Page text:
Benzene, C6H6, is a hydrocarbon found in crude oil, and a major component of gasoline. It's used to make synthetic fibers, detergents and even drugs. You can derive benzoic acid, chemical structure C6H5COOH, from benzene by uniting of the water insoluble benzene molecule with a carboxylic acid group, (-COOH). This produces a water-soluble, pleasant-smelling white powder that is used for flavorings and perfume. The formation of benzoic acid has to do with “ionizability.” Water can attach to benzoic acid by hydrogen bonding. Beyond that, water molecules can stabilize the formation of the “benozate” ion.
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Benzoic acid has low solubility in room-temperature water because the bulk of the molecule is non-polar. At higher temperatures, solubility increases.
Primary Reason for Low Solubility
The primary reason benzoic acid dissolves only slightly in cold water is that, even though the carboxylic acid group is polar, the bulk of the benzoic acid molecule is non-polar (water is polar). It is only the carboxylic group that is polar. In addition, there are no internal stabilizing structures that favor carboxylate, -COO(-), over carboxylic acid, -COOH.
When not in the presence of water, two molecules of benzoic acid may form what is called a dimer. In this instance, one molecule hydrogen-bonds to the second molecule.
In the presence of water, though short of ionization, water can hydrogen bond to benzoic acid. Thus:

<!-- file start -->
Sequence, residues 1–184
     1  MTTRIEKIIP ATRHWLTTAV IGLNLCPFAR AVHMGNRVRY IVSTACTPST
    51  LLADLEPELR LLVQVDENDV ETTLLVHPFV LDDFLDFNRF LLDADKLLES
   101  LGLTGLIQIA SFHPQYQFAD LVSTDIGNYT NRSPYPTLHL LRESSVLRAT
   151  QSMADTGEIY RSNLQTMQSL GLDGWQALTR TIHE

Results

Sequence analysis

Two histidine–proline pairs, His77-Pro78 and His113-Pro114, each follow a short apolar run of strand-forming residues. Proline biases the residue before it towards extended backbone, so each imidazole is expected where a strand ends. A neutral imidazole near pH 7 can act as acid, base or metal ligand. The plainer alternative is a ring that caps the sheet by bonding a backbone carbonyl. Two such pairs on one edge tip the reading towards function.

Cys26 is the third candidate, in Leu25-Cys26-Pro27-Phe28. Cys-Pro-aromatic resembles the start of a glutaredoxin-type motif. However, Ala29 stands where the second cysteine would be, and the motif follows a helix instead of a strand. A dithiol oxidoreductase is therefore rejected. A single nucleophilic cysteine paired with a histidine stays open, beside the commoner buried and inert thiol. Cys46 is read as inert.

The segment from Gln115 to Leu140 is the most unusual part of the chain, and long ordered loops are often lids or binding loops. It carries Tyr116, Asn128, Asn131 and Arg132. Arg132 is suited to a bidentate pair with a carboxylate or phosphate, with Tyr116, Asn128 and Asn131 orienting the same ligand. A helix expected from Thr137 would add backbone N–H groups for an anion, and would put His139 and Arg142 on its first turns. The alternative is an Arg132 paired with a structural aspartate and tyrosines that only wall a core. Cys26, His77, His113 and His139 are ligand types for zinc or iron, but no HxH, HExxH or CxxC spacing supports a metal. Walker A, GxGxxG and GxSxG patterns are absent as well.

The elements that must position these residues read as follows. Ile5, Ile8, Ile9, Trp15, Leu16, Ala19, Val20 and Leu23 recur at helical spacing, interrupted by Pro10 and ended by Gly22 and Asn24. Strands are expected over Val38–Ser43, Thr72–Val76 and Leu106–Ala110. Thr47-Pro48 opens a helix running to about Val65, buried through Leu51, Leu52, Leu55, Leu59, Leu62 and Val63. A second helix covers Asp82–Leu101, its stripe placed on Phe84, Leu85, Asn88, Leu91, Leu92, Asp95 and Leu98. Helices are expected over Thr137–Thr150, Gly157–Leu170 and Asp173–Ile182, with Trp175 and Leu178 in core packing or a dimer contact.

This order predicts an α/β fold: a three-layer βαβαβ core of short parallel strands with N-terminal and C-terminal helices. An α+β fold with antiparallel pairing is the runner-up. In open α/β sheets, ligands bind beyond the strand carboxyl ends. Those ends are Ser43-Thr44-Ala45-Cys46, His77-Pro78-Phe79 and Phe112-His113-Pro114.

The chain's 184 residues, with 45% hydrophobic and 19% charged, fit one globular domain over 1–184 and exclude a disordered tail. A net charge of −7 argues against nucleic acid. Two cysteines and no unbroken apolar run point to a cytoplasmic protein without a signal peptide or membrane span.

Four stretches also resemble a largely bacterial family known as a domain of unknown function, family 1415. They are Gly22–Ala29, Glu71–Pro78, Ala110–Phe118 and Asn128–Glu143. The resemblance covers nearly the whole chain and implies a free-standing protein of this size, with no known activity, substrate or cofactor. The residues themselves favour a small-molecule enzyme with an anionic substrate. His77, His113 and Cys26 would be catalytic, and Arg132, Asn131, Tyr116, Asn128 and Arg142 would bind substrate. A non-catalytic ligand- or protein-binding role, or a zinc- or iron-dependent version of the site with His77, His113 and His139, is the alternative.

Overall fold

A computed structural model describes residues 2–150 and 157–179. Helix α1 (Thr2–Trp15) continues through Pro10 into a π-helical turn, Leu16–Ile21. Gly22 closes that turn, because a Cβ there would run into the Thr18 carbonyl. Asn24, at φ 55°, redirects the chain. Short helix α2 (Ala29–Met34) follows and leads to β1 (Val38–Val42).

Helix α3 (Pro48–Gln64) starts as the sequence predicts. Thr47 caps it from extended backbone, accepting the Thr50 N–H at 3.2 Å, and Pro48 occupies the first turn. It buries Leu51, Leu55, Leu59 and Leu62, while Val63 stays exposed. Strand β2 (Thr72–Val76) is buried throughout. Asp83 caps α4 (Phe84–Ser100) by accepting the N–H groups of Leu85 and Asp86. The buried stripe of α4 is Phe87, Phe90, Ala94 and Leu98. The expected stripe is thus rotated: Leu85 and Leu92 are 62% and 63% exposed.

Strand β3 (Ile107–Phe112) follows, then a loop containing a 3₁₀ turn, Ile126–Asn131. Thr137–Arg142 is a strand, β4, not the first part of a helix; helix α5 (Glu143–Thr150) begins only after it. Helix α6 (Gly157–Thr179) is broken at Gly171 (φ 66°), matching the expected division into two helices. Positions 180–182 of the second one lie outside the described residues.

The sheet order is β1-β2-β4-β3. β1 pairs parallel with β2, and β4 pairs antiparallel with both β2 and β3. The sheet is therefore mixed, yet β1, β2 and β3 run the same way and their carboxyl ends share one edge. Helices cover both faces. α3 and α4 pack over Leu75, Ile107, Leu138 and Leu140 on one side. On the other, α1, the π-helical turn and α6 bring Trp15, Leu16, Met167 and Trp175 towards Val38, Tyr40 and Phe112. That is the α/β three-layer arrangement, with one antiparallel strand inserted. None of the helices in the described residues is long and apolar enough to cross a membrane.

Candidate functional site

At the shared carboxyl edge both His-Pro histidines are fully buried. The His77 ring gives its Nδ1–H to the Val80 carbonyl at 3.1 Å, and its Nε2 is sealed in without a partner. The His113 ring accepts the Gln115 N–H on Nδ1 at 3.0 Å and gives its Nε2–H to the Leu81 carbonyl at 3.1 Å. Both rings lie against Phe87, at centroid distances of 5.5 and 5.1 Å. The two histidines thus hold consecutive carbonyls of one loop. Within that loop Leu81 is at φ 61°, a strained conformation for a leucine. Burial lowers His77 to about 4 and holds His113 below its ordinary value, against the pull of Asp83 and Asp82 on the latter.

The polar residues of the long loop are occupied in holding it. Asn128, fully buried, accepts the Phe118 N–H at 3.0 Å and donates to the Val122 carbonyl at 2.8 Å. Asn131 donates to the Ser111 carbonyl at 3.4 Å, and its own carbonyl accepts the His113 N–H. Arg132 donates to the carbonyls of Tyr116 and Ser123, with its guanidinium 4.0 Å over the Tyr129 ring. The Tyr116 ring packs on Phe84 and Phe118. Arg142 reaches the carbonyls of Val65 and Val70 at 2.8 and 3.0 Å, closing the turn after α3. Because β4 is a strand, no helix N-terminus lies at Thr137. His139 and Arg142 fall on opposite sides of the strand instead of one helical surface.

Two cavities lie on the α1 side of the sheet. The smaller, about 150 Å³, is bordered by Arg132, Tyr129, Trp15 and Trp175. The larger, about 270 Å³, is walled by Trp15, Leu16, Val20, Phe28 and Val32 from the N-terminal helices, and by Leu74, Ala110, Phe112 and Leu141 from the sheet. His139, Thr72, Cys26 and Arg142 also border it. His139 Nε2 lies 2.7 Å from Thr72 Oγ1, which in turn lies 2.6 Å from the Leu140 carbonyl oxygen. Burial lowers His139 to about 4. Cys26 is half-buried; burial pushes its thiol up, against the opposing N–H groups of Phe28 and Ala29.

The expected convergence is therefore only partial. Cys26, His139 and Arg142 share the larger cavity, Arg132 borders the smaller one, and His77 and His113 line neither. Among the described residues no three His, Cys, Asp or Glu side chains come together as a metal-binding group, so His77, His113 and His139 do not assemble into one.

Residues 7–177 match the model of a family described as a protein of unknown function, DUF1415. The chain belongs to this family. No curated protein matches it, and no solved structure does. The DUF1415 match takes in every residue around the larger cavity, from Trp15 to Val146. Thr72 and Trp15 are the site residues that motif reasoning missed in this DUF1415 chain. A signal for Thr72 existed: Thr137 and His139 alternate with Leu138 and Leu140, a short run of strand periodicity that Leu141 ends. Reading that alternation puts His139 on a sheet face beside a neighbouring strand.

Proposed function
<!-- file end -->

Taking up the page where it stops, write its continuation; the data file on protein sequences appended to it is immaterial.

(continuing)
C6H5COOH + H2O → C6H5COO--H--OH2.
Such a hydrogen-bonded species may go to the point of ionization.
Beyond hydrogen bond formation, full ionization can take place if there is some causative agent to force this. Bases can force ionization, but to a limited degree water produces ionization, according to the following reaction equation:
C6H5COOH + H2O → C6H5COO(-) + H3O(+)
Ionization guarantees water-solubility, since water is a polar solvent.
Heat Increases Solubility
Adding heat greatly increases solubility because some of the increased energy sufficiently lengthens the hydrogen-bonds, so that ionization occurs. Ions are by definition polar, so the general truism, like dissolves like, indicates the ions will then dissolve in water.
In addition to temperature changes, there are other ways to increase or decrease the water-solubility of benzoic acid. The addition of a strong acid decreases the ionization through the “common ion” effect. Increasing the pH increases ionization of the benzoic acid, perhaps leading to reaction.
Benzoic Acid and Other Solvents
Although its solubility in water is low, benzoic acid is soluble in other solvents. Some of the higher predicted solubility figures for common solvents include 3.85M for hexane and 9.74M for ethyl acetate.
About the Author
Vincent Summers received his Bachelor of Science degree in chemistry from Drexel University in 1973. He furthered his education through the University of Virginia's Citizen Scholar Program program, taking many courses in organic and quantum chemistry. He has written technical articles since 2010.